We have seen this sort of thing with comedies like Mean Girls, and even more recent horror films like It’s a Wonderful Knife and Tragedy Girls (those two leaning more toward satire and comedy than drama). We have also seen horror films that see the killers try to punish perceived wrongdoings, like The Final or Slaughter High. It’s a novel concept, really (and not only because it’s literally based on a novel). Unfortunately, it feels overstuffed with too many character backstories that feel either under cooked and too many moments that feel unearned. If you try to say too many things all at once, you’ll end up not saying anything at all – or, at least, not anything of strong value.

There are some things I do like about it. I like the subtle synthesizers in the background that feel like homages without being too in your face about it. I like how it feels ‘in the moment’, unlike so many other slasher films. Eighties nostalgia is something we horror fans lop up like pigs eating grub from a trough. Every year, we have a new horror film paying homage to a classic film from yesteryear. If it’s not paying homage, then, that is only because it is an outright sequel to that film. I love them too, but I also appreciate a slasher film that feels modern and like it is trying to press the genre forward, at least in some ways. I also think the film, in general, is well-made on a technical level.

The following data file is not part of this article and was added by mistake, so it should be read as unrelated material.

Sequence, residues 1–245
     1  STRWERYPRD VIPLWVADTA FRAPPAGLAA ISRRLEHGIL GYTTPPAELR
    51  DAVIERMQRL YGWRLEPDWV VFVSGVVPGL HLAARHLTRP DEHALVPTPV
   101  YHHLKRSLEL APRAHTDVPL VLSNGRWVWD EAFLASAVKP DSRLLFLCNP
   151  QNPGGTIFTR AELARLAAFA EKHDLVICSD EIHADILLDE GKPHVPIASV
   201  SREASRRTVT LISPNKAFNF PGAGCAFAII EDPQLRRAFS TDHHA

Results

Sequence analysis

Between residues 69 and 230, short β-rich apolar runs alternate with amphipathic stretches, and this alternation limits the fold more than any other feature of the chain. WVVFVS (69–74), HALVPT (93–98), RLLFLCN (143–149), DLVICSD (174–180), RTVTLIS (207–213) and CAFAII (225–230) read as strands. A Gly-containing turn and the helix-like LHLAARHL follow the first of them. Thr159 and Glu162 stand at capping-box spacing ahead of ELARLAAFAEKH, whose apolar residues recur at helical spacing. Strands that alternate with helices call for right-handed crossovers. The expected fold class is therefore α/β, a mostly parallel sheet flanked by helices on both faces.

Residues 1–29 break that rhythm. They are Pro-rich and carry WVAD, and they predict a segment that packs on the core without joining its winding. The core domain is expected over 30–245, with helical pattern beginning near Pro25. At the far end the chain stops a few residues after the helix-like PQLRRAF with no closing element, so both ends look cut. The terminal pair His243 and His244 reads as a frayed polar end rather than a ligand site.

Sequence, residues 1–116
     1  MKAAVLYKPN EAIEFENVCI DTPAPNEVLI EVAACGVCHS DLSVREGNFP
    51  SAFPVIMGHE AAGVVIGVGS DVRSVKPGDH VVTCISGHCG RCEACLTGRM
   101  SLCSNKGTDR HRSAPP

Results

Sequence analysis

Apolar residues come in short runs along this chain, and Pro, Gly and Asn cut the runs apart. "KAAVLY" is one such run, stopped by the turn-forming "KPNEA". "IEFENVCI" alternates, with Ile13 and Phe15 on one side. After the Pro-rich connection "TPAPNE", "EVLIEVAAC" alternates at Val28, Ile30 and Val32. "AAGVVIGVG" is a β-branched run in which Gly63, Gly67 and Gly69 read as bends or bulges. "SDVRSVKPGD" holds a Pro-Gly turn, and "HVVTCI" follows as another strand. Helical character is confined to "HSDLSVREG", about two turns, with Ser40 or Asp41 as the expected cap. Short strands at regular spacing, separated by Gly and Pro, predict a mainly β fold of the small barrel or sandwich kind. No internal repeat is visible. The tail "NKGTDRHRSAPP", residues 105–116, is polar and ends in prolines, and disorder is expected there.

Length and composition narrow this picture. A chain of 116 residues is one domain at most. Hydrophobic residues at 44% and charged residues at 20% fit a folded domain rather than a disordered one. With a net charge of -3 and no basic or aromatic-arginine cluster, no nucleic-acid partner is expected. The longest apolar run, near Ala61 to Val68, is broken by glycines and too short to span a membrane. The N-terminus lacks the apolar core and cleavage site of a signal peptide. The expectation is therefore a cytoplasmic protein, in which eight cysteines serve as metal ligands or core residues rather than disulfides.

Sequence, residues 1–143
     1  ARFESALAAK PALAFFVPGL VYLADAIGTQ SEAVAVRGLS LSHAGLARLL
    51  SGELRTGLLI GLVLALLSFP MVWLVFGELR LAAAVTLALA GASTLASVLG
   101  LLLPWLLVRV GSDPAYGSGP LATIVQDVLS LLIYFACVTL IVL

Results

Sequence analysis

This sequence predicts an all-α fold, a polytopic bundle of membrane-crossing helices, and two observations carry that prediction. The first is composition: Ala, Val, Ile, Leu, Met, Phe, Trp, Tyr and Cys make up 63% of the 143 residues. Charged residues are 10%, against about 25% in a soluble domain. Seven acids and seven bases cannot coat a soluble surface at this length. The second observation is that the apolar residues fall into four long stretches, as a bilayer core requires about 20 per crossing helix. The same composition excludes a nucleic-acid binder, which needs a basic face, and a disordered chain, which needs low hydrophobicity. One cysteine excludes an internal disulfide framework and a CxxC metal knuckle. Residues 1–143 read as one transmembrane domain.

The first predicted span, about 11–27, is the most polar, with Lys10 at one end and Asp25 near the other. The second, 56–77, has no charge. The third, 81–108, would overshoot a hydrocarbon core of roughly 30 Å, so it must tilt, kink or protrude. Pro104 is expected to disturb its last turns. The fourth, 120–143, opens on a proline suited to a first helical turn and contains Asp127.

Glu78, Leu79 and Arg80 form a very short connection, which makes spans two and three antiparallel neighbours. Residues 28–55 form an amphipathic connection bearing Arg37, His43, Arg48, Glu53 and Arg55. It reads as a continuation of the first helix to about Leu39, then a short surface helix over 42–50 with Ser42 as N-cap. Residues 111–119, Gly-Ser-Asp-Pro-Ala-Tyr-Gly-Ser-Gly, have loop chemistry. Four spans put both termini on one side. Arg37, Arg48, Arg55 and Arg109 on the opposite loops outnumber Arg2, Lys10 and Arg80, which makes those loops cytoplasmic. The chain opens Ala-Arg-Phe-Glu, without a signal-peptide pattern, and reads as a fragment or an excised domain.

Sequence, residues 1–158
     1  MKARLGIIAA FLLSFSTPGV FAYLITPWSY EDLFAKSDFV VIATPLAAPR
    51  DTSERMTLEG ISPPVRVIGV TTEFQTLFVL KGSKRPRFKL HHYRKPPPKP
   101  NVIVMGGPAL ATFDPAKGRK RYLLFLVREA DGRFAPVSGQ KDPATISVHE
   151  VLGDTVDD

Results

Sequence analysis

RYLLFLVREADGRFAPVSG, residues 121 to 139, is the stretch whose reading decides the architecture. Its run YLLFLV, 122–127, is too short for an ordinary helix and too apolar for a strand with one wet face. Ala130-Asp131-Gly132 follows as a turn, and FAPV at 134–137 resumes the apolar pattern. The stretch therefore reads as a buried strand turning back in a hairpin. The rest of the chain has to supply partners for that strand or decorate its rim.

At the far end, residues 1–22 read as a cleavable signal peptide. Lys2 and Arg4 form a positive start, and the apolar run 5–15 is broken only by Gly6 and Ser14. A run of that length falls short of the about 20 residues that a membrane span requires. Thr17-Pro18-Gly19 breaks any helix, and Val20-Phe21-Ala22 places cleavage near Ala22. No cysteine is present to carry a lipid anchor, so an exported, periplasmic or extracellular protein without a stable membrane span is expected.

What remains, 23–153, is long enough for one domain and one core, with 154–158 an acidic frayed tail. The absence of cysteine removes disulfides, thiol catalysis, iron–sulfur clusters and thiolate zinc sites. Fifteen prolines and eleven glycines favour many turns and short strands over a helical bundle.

The biggest criticism I had about this film is that it had so many characters I didn’t care about or couldn’t become invested in, and so many little moments between them that I didn’t care about. There were moments that felt sentimental and poetic, but in a way that was unearned or felt very manufactured or performed. This all wouldn’t have inherently mattered, however, if it had succeeded at being a fun slasher film, with intense chase scenes, intense moments, or clever use of its gimmick. Unfortunately, it didn’t have that. As a slasher film, it came off fairly run of the mill. Well made, but run of the mill. So, since it doesn’t succeed at that, its enjoyment really hinges on a person’s enjoyment of the characters and the whodunnit mystery. To me, the mystery was, at best, pretty generic, and, at worst, derivative of better things and bad.

In summation, There’s Someone Inside Your House is a well made slasher film, that largely fumbles with its characters, the mystery at its core, the novelty of its gimmick, and the message it is trying to relay. It isn’t all bad, and you can certainly do much worse with the genre, but you also have the opportunity to do much better.

Rating: – 2.0 out of 5.0